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Issue 23:April/May 2005

DEMOLISHING THE COMMUNTY
What this country's poorest really need is higher house prices. That's the basis of the government's Housing Renewal Pathfinder schemes - demolishing 400,000 houses across the North of England to build more expensive homes.


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Corporate Watch,
16b Cherwell St.
Oxford OX4 1BG.
United Kingdom
 Tel:+44 (0)1865 791 391 mail@corporatewatch.org
or for web enquiries

News

May 18, 2005

BRAZIL: MURDER IN THE GREEN DESERT

Aracruz is both a massive paper and cellulose company, which plants mono-culture eucalyptus plantations, all in the name of a sustainable environment, and also the name of the capital city in Espirito Santo, Brazil, an area where many indigenous communities live, who suffer from this agri-business' domination of their political and legal system.

Read more...

 

BOB GELDOF: COURT JESTER OF THE G8
Self-appointed saviour of Africa, 'Saint' Bob Geldof recently hit out at world leaders, appearing to blame them for slow progress on meeting the Development Goals set for Africa. Within the G8 charade Geldof plays a very important role. Read more...

IRAQ: UNION CALLS ANTI-PRIVATISATION CONFERENCE
May 25-26 will see Iraqi trade unionists and civil society activists gather at the Oil Institute of Basra for a two-day conference aimed at fighting the privatisation of Iraqi oil.The organisers of the conference, the General Union of Oil Employees, is a union resolutely opposed to the Occupation, to the former regime and to current plans to privatise Iraq’s oil industry. Read more...

LONDON OLYMPICS: EVICTIONS BEGIN
Students are being evicted from the site of the proposed Olympic Village at Clays Lane, Stratford, East London, even before London knows if it will get the Olympics, and local traveller sites and a housing co-op are also under pressure. Read more...


CORPORATE WATCH LAUNCHES G8 SPECIAL REPORT
In 2005, the annual G8 summit - the meeting of the leaders of world's most powerful countries - is coming to the beautiful glens of Perthshire. In some respects, the G8 leaders are coming home to their roots: Scotland was home to 18th century philosophical movement, 'the Scottish Enlightenment' that gave us 'free market ideology' in the first place. Scotland gained huge financial wealth from colonial rule, and today it is the regional centre for the oil industry, making it an appropriate place for the G8 leaders, the new colonial masters, to be discussing pressing issues such as climate change and poverty in Africa.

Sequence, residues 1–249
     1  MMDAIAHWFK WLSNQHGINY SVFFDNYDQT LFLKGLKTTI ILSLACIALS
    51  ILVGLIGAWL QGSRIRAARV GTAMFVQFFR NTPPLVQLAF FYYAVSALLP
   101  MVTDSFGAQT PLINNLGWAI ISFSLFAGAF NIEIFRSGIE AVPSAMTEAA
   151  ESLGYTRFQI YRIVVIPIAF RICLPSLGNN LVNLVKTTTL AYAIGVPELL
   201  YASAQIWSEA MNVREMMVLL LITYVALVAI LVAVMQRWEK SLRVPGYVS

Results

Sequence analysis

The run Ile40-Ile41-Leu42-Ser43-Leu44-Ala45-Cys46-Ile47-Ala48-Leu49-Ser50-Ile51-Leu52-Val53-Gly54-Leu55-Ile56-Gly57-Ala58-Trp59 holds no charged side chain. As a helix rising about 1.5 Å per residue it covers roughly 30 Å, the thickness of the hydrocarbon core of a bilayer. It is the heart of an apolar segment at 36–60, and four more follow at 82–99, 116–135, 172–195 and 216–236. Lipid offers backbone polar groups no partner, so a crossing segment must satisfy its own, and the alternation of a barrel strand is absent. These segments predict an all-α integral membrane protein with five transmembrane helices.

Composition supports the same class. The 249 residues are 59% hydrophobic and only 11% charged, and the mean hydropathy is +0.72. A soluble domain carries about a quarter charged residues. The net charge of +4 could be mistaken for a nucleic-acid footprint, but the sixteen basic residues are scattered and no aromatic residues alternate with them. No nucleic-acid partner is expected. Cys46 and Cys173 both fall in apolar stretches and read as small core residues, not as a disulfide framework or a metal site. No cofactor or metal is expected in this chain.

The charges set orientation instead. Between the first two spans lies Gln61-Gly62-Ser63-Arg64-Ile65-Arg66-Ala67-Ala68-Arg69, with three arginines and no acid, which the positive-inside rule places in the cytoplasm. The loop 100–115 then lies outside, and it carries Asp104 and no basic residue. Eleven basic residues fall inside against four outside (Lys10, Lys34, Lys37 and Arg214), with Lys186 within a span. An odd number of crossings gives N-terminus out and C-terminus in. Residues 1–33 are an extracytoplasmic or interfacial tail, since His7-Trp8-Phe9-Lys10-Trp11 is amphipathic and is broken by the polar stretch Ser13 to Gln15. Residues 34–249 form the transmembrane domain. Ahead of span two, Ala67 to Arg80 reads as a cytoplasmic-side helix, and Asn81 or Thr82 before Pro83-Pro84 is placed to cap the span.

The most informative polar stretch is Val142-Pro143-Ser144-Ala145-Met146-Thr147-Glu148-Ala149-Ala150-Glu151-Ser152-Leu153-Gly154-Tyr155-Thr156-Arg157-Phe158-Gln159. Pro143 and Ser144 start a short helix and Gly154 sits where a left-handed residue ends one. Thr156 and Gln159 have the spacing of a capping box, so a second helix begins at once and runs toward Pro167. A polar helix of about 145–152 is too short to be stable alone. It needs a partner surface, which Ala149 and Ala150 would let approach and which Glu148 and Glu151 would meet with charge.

The Scottish Executive has made clear that it wants to take the opportunity of the G8 to promote Scotland i.e. Scotland PLC. In response, Corporate Watch aims to highlight the darker side of some of the corporations with bases in Scotland that stand to gain profile and wealth from the G8 summit. Besides the direct financial benefit of the Gleneagles summit, Scotland is a very good example of corporate globalisation in microcosm.
Go to the G8 Report...

Click here for the Executive Summary PDF

Click here for the Full Report PDF

   
New research

Profile
ASDA Wal-Mart

Since 1999 Asda has been wholly owned by Wal-Mart – the largest company and arguably 'the most ruthless employer' in the world.
November 2004

Profile
Tesco

Britain's biggest and most profitable supermarket chain, is the darling of the City. But behind the fascia of the 'under one roof' out-of-town Tesco Extra, or the friendly high street Tesco Metro, lies a ruthless billion pound operation.
September 2004

Profile
News Corporation
Murdoch's media empire revealed. May 2004

Agriculture
A Rough Guide to the UK Farming Crisis
(pdf)
Farmers have taken a battering from
environmentalists, and from the public in
general, for not carrying out these responsibilities as well as they should. Much of this criticism is justified. However, this report argues is that it is not entirely the farmers' fault if they have failed in these undertakings. The problems that surround the farming industry are very largely attributable to one elementary fact which is beyond the farmers' control. May 2004

Agriculture
What's Wrong with Supermarkets
(pdf)
In this updated booklet, 'What's Wrong with Supermarkets', Corporate Watch introduces the reader to the 'dog eat dog' world of the major UK supermarket chains and exposes the dark side of Britain's favourite shops. April 2004

Profile
UK Construction Industry Overview

Taking an industry overview looking at the role of PFI and the sectors economic importance. Profiling themajor players including Tarmac, Carillion, Alfred McAlpine, AMEC and Balfour Beatty, as well as government influence, trade bodies profiled and resources for taking further action. March 2004

Profile
Sodexho

War, prisons, anti-unionism and oil - this company are involved in the lot. A specialist in outsourcing and privatised utilities campaigners are most likely to associate Sodexho with its ill-fated government contract to provide benefits to asylum seekers in the form of vouchers. However, there's more to them than that... March 2004

Profile
Microsoft
The biggest computer company on earth, run by the richest man on earth but there's more to Microsoft than meets the eye. Feb 2004

 
   

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or for web enquiries